New Parent News
The Booze You Drink Goes Straight to Your Baby's Brain
By Julie Tresco for the Times Herald Record April 18, 2007
It is estimated that more than half the women of childbearing age drink alcohol. Many women drink early on in their pregnancy but stop once they find out that they are pregnant.
What they may not know is this: There is no safe amount or safe time to drink during a pregnancy.
When a pregnant woman drinks, the alcohol crosses the placenta and enters the unborn baby's bloodstream. The alcohol reaches the developing tissues and organs, causing damage. Fetal Alcohol Spectrum Disorder (FASD) is a broad term used to describe a baby born with problems due to prenatal exposure to alcohol.
Babies with FASD are more irritable, have trouble eating and sleeping, are overly sensitive to lights and sounds, and have a strong startle reflex. Some babies have abnormalities of the ears, eyes, liver, heart or joints. Most have developmental delays.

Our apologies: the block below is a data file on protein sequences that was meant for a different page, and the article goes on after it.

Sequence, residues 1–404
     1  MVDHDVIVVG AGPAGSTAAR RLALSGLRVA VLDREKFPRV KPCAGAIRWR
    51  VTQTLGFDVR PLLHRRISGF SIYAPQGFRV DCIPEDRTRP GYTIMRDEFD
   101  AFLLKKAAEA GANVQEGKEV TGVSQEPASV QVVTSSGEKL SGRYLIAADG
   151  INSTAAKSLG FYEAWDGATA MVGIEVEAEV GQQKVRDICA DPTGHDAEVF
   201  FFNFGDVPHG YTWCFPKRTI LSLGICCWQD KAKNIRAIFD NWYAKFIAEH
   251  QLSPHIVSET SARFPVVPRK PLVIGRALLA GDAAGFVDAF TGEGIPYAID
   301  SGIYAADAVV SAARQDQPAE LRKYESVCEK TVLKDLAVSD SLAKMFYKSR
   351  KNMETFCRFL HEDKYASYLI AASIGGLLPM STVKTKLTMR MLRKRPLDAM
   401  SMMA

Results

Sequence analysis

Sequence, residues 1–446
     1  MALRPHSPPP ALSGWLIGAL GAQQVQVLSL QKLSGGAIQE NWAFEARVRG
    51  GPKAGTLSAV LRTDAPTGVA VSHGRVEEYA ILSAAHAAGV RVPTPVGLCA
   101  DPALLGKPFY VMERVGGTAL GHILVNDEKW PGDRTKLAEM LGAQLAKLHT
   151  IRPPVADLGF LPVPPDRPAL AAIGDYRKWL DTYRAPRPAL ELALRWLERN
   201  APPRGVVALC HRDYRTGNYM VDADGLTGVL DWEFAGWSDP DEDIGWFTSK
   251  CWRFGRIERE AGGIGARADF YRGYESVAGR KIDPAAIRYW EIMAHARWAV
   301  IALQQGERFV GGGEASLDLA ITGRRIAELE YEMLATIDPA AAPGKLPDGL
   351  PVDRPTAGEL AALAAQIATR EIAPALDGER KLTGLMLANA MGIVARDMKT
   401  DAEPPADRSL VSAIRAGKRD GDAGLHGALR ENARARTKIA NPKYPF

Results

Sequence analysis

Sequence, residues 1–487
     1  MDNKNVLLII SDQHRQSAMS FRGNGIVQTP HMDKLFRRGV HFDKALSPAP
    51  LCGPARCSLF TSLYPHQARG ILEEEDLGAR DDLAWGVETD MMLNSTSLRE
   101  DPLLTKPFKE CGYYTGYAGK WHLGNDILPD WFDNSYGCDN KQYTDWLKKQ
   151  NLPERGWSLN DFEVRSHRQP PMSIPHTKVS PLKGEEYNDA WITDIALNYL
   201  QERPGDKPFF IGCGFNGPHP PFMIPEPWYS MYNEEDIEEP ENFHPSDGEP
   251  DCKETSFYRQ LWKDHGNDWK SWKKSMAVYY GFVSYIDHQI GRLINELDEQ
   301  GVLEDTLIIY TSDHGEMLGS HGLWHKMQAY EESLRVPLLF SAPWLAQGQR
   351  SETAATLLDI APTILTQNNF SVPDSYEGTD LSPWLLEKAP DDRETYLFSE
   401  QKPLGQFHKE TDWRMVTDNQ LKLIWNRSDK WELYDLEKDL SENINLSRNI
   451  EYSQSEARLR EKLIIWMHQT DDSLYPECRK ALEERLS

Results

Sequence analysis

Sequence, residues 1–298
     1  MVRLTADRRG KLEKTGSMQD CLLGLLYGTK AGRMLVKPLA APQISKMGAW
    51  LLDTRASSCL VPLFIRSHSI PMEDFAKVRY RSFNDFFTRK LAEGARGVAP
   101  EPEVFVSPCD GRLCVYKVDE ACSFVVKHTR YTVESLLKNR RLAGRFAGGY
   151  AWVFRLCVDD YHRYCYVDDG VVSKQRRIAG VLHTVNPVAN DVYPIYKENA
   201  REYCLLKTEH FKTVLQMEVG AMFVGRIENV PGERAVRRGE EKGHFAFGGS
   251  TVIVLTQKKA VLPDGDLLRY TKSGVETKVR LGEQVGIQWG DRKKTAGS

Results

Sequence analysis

But the most serious issue is the invisible neurological damage that has been done. Essentially, a baby born with FASD has permanent brain damage. The effects last a lifetime.
Consider the following facts:
- Prenatal exposure to alcohol is the leading cause of mental retardation.
- Alcohol is more toxic to an unborn baby than any other substance including cocaine, crack and heroin.
- FASD occurs in about 1 out of 100 live births, outranking Down syndrome and autism.
- Among of the highest incidences of babies born with FASD occurs in populations of white, non-Hispanic, educated women who live in households where the annual income is greater than $50,000.
The damage caused by FASD reaches far beyond pregnancy and infancy.
Children with FASD grow up to become adults with FASD.
Many have trouble living on their own, staying in school, holding a job or having a healthy relationship. Without support, these adults are at high risk for mental-health problems, trouble with the law, alcohol and drug abuse, inappropriate sexual behavior and unwanted pregnancies. The cost to taxpayers is close to $6 billion per year.
However, children born with FASD can flourish in the right environment. FASD is considered a disability and a baby with the condition should receive the same services and interventions as any other baby born with a disability. For more information on diagnosis and treatment of FASD, visit the state Office of Alcoholism and Substance Abuse Services at www.oasas.state.ny.us.
The good news is that FASD is 100 percent preventable. It's as simple as this:
If you think you might be pregnant, don't drink! If you are pregnant, stop drinking!